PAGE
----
During a 1996 trip to Cuba, Farrell voiced support for Fidel Castro's dictatorship, ascribing blame for the Cuban people's suffering to the policies of the United States. Wrote Farrell in his travel journal: "In the ensuing decades, as we [the U.S.] have invaded, inveighed, inveigled, threatened, boycotted, manipulated, attempted to assassinate, and nearly triggered a nuclear war in our need to rid the world of the threat of Fidel Castro and his Revolucion, the Cuban Government has gone its sometimes-not-so-merry way, and, in spite of the best efforts of the world's greatest power to squelch it, persevered in its effort to do what it deems best for its people."
Measurably less tolerant was Farrell's characterization of "the violently anti-Castro Cuban exiles" whom he derided as "dangerous proto-Fascists." Farrell also condemned the Clinton administration's refusal to establish diplomatic relations with Cuba, a choice Farrell rejected as "clearly an outdated, Cold War-related, right-wing policy" that was "colonialist, imperialist, and racist."
Farrell supported, if with an uneasy conscience, the Clinton administration's military intervention in Kosovo. "I find myself in the peculiar position of being in favor of an intervention and yet unclear that what we are doing is the appropriate thing to do," he told LA Weekly in 1999. "On some level you have to say that at least somebody is doing something."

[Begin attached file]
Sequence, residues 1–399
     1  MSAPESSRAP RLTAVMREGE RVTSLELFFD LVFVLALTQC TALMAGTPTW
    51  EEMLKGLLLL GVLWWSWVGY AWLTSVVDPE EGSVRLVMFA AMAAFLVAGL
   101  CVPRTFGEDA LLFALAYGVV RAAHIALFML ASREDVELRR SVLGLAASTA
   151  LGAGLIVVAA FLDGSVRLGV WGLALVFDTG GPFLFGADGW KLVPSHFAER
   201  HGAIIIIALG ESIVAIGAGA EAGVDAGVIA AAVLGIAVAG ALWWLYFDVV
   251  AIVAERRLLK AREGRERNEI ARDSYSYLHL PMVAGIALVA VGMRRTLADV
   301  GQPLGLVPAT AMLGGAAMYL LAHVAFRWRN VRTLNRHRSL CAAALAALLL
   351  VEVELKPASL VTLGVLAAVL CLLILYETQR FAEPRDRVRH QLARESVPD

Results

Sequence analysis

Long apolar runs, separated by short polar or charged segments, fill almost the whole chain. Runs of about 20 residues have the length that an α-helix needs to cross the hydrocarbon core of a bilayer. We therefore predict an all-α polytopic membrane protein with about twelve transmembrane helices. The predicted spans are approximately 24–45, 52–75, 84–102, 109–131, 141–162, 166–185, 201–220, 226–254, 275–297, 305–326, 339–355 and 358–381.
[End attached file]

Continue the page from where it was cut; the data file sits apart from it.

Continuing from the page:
Eight days after 9/11, Farrell lent his name to a statement titled “Justice not Vengeance,” which declared: “We foresee that a military response would not end the terror. Rather, it would spark a cycle of escalating violence, the loss of innocent lives, and new acts of terrorism. As citizens of this great nation, we support the efforts being made to find those behind the acts of terror. Bringing them to justice under the rule of law -- not military action -- is the way to end the violence.” Other notable signatories included Danny Glover, Randy Hayes, Michael Klare, Michael Lerner, Bonnie Raitt, Michael Ratner, Edward Said, Martin Sheen, Gloria Steinem, Harry Belafonte, John Cavanagh, Medea Benjamin, Barbara Ehrenreich, Margaret Gage, Cora Weiss, Ruby Dee, and Ossie Davis.